The Indigenous Fashion Projects Show Confirmed The Immense Talent of First Nations Designers

Vibrant and versatile fashion

This year’s Australian Fashion Week has been one marked by exciting – and long overdue – firsts. Yesterday, we saw the first ever all-First Nations fashion show with First Nations Fashion + Design showcase which was a joyful and rousing runway that left audiences feeling elated and excited. Today, the celebration of Indigenous designers continued with the Indigenous Fashion Projects (IFP) show which served to confirm the immense talent of the showing designers and richness of Indigenous culture and heritage.

A program of the Darwin Aboriginal Art Fair Foundation, IFP featured six First Nations designers that are all actively growing fashion brands and are part of the IFP Pathways Program supported by David Jones. The Pathways Program was created with the aim of opening up opportunities for Indigenous labels through direct mentorships with the department store’s established Australian designers.

Julie Shaw of Maara Collective was mentored by Charlotte Hicks of Esse Studios and Kit Willow of KitX, Natalie Cunningham of Native Swimwear was mentored by Becky Cooper and Bridget Yorston of Bec + Bridge, Denni Francisco of Ngali was mentored by Mary Lou Ryan and Deborah Sams of Bassike, Liandra Gaykamangu of Liandra Swim was mentored by Bianca Spender, Nancy Pattison of Indii was mentored by Pip Edwards and Claire Tregoning of P.E Nation and Amanda Healy of Kirrikin was mentored by Adrian Norris and Edwina Forest of Aje.

With the audience featuring such people as NSW Premier Gladys Berejiklian and Adam Goodes it was also one of the hottest tickets in the Australian Fashion Week schedule. Opened with a powerful Acknowledgement of Country by Aunty Ann Weldon from the Metropolitan Local Aboriginal Land Council, a whimsical atmosphere was conjured by the set design which included lilies on the runways and soft lighting.

The collections were made-up of clothing, swimwear and activewear that not only incorporated millennia of ancient stories and culture into their contemporary designs, but were highly wearable pieces that would elevate your wardrobe. Think: vibrant fuschia one-pieces, long flowing silk dresses with colourful prints that draw upon Aboriginal dot painting techniques and monochrome suit sets that could take you from the boardroom to the bar.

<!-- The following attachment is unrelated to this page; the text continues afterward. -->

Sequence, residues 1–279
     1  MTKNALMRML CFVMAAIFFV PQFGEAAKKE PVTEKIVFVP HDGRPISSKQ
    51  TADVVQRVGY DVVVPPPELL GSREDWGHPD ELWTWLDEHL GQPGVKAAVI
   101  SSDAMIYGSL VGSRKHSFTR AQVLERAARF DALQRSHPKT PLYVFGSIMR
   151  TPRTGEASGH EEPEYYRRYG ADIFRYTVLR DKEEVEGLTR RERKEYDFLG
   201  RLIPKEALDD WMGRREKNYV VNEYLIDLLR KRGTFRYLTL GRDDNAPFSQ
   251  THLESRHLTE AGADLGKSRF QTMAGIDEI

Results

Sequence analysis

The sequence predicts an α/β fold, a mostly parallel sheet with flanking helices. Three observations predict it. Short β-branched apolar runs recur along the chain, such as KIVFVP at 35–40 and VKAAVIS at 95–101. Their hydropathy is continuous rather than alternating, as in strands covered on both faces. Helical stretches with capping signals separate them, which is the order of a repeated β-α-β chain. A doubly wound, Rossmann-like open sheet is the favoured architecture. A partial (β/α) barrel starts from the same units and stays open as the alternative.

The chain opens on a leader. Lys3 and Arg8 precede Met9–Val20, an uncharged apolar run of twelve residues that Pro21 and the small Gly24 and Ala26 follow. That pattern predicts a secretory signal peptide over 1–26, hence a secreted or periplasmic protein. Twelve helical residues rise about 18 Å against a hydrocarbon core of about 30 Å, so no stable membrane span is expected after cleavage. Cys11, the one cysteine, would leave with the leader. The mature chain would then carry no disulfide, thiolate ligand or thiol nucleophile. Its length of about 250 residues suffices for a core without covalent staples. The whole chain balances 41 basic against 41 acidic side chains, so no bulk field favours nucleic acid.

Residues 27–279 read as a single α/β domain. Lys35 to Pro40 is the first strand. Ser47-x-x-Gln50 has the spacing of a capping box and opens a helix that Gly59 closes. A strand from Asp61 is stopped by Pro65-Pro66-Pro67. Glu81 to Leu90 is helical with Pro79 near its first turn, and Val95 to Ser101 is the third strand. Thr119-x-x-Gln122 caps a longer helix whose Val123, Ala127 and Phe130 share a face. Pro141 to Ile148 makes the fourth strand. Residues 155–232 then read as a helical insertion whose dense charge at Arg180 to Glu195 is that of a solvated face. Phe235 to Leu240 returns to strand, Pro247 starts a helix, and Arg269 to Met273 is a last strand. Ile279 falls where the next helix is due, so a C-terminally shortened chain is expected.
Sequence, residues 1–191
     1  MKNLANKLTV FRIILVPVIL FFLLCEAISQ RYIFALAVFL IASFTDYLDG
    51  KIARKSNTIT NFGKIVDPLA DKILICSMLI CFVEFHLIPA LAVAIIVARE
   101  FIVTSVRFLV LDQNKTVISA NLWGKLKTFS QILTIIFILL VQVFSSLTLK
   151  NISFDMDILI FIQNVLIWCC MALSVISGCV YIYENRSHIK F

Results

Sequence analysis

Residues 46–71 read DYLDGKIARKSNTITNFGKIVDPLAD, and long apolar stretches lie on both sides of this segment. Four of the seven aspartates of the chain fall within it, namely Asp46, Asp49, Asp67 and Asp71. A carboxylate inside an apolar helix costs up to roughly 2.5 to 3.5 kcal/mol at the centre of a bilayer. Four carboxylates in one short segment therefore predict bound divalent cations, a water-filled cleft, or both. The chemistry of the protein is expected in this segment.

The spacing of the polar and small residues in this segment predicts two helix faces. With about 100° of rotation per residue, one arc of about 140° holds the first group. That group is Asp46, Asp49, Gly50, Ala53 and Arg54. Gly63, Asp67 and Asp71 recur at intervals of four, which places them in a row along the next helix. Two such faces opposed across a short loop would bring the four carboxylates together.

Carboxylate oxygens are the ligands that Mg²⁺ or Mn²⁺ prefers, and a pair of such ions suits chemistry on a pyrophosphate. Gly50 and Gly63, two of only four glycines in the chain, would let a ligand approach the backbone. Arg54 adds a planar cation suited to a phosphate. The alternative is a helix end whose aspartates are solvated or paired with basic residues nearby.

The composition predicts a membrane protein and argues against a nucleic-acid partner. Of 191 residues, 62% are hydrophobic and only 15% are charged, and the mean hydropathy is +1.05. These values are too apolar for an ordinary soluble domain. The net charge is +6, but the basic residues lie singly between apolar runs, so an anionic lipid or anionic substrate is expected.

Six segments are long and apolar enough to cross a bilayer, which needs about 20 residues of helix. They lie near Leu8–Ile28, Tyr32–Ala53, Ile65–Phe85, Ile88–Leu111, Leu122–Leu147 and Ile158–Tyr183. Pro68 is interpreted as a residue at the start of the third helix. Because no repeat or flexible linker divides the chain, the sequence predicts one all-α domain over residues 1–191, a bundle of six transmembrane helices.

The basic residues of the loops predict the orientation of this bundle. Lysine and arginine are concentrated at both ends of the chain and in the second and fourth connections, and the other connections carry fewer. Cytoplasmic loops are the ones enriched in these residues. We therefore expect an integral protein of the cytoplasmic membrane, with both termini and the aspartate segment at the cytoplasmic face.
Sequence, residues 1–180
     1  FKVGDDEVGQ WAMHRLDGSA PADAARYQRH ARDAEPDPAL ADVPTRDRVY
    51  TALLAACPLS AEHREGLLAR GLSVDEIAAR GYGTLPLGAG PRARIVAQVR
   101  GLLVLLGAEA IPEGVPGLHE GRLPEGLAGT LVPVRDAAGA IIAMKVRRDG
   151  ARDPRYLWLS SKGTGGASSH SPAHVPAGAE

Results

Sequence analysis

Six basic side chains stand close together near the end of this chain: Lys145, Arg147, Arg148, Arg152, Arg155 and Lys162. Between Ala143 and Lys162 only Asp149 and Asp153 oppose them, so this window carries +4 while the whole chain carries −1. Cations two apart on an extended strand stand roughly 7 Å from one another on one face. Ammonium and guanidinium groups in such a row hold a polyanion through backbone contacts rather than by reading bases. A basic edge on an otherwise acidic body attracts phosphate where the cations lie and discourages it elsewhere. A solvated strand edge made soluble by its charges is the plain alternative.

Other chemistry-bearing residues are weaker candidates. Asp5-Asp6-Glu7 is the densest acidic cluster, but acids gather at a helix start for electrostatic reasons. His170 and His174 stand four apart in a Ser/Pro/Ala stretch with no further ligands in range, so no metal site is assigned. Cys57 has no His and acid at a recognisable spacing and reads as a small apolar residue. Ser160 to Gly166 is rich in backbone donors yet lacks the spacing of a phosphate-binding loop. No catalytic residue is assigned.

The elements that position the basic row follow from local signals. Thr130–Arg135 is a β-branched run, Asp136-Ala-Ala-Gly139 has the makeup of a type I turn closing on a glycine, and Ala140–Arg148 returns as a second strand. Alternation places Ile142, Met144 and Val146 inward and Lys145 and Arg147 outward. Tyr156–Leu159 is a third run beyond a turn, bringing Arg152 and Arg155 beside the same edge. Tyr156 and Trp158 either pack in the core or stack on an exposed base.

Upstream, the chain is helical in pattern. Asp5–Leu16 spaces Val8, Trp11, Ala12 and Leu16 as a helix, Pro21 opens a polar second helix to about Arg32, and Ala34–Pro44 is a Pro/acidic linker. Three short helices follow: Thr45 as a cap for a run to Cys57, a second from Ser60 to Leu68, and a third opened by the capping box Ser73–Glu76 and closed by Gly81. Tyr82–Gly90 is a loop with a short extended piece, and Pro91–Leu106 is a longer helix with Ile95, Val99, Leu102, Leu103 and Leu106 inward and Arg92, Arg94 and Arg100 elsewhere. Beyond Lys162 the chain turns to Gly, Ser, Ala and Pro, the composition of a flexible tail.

The show was styled and curated by Perina Drummond, the founder of Indigenous modelling agency, Jira Models. Talking to marie claire before the show, she noted the personal significance of putting such a show together. “Growing up in a remote Indigenous community, I dreamt of working in fashion and on runways,” she told us. “So to be able to curate a show for AAFW is a dream come true! More so, to be curating a show featuring some of Australia’s most prominent Indigenous fashion labels is mind-blowing!”

Furthermore, Drummond explained that their aim was to centre the talents of the community and emphasise its multiplicity. “Our vision for the show is to hero and celebrate diversity in many forms,” she explained. “Through design, colour, movement and talent. We want our runway to showcase the breadth of talent from right across Australia with these prominent indigenous fashion designers – Australia’s next up and coming”

Crucially, Drummond said that it’s meaning extends beyond the glamour of the runway. “It’s a major milestone moment for Aboriginal and Torres Strait Islander culture as it platforms our art and heritage on the main stage for a national and global audience,” she said. “It also paves the way for future First Nations art and fashion generations, providing them with a legacy to own.”

Maara Collective
Maara Collective
Native Swimwear
Liandra Swim

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